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These practices tend to be for magical or religious purposes, such as divination or communicating with gods and spirits.
It’s important to remember, however, that what we see as occultism was the scientific establishment of its day, with exactly the same purpose as modern science – curing human ills and increasing knowledge.
Those who believe that hypnosis can be used to perform miracles or control minds are, of course, simply sharing the consensus view that prevailed for centuries.
Recorded history is full of tantalising glimpses of rituals and practices that look very much like hypnosis from a modern perspective, from the “healing passes” of the Hindu Vedas to magical texts from ancient Egypt.
The popular image of the hypnotist as a charismatic and mystical figure can be firmly dated to this time.
Inevitably, these magical trappings led to Mesmer’s downfall, and for a long time, hypnotism was a dangerous interest to have for anybody looking for a mainstream career.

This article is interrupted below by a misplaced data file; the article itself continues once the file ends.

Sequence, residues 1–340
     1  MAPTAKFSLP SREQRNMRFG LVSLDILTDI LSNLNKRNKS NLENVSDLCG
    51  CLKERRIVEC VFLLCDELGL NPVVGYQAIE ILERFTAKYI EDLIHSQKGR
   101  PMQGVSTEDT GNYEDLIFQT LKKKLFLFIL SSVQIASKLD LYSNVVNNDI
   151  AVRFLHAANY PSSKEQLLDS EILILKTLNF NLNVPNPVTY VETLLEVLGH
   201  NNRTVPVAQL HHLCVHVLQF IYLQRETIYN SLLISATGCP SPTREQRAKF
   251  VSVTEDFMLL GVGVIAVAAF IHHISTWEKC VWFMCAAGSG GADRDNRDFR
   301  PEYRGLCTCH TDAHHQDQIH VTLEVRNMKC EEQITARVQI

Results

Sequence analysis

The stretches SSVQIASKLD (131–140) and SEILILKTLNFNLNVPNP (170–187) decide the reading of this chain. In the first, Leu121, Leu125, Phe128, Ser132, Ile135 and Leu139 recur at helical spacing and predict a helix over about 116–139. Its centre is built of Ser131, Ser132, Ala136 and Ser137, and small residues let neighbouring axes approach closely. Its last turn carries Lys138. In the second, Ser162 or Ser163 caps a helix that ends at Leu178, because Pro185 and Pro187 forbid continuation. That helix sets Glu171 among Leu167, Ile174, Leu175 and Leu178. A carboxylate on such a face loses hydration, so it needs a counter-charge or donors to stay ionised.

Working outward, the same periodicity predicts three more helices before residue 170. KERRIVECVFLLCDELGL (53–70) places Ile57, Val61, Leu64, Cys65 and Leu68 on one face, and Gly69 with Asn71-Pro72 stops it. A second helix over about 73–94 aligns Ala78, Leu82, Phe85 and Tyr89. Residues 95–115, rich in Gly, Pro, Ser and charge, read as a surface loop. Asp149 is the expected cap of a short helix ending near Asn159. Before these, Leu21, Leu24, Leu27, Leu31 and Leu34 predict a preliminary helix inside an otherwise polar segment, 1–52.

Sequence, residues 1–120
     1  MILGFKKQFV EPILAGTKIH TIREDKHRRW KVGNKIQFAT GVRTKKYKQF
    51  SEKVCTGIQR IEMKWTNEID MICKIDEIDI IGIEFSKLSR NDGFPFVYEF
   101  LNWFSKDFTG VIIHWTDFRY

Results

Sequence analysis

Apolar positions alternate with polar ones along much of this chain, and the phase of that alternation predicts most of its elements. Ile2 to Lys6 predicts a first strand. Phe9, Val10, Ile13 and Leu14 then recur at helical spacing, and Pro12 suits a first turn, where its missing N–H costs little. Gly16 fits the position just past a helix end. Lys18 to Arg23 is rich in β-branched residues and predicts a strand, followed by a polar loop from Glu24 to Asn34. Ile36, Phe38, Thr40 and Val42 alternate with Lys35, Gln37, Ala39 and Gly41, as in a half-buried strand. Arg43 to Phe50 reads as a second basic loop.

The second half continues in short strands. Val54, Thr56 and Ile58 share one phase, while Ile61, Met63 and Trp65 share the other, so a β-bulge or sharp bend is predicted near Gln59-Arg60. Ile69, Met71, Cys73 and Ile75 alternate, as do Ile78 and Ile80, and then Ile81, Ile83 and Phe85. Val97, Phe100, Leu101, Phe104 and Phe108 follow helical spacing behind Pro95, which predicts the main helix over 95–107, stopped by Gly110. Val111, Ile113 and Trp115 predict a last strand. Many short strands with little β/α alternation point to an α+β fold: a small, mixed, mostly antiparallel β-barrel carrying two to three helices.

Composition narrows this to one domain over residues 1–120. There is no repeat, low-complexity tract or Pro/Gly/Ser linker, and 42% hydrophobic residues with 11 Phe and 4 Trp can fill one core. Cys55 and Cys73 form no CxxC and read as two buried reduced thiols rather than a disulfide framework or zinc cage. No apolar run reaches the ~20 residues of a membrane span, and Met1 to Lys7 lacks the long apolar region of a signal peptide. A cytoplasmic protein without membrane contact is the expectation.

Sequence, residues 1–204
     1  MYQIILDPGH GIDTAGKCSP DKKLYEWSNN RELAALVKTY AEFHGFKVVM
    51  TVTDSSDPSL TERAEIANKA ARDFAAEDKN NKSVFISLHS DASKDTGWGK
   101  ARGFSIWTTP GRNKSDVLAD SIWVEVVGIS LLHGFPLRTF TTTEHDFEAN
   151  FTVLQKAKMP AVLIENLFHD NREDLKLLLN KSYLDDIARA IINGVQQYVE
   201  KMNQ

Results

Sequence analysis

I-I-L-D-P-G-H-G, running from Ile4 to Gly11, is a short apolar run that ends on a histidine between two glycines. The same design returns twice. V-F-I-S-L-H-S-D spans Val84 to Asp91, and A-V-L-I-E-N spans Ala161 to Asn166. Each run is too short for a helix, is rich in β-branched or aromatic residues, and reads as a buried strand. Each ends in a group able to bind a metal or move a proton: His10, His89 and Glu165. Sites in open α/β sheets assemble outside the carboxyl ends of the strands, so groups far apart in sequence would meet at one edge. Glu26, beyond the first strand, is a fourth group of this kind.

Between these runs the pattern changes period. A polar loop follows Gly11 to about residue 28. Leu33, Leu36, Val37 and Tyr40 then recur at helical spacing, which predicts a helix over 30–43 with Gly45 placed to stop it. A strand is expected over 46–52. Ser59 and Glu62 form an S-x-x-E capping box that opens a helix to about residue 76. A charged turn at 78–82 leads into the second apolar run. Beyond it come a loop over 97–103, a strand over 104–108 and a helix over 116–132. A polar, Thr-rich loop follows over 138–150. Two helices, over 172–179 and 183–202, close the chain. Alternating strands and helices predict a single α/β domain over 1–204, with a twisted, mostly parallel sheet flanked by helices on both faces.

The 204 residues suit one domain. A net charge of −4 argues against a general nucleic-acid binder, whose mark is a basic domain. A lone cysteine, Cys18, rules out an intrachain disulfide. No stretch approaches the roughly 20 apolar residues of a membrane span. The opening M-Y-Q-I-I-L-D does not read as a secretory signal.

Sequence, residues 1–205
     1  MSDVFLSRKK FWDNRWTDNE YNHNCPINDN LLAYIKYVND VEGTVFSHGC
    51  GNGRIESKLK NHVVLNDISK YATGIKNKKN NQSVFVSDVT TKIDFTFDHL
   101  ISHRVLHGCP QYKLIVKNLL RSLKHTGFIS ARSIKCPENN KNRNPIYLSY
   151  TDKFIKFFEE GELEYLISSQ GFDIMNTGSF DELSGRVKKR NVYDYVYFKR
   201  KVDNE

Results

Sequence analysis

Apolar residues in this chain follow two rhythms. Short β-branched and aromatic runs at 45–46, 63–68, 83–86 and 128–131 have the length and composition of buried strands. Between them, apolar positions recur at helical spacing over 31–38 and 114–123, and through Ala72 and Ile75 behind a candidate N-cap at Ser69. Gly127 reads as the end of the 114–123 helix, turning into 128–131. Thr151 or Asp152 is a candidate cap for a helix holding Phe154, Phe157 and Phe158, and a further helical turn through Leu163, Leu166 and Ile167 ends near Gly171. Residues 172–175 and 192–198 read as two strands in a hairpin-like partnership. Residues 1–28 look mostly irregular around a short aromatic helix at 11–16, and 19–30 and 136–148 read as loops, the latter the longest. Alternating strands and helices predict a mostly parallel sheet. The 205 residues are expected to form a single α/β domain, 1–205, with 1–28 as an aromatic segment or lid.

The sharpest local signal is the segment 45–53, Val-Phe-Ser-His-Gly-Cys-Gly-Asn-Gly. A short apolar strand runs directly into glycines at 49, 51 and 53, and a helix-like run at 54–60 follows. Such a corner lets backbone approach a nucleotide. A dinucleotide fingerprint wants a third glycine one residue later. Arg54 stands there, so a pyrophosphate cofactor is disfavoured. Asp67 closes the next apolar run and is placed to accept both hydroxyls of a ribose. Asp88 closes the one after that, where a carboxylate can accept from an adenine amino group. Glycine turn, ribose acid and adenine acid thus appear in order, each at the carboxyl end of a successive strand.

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Secondly, hypnosis became a popular phenomenon, something that was increasingly available to the layman, outside of the laboratory or clinic.
Nevertheless, the stubborn fact remained that hypnosis worked, and the 19th Century is characterised by individuals seeking to understand and apply its effects.
Surgeons and physicians like John Elliotson and James Esdaille pioneered its use in the medical field, risking their reputation to do so, whilst researchers like James Braid began to peel away the obscuring layers of mesmerism, revealing the physical and biological truths at the heart of the phenomenon.
From a Western point of view, the decisive moment in the history of hypnosis occurred in the 18th Century (coinciding with the Enlightenment and the Age of Reason).
The work of Franz Mesmer, amongst others, can be seen as both the last flourish of “occult” hypnosis and the first flourish of the “scientific” viewpoint.
Mesmer was also the first to develop a consistent method for hypnosis, which was passed on to and developed by his followers. Mesmer himself, for instance, liked to perform mass inductions by having his patients linked together by a rope, along which his “animal magnetism” could pass.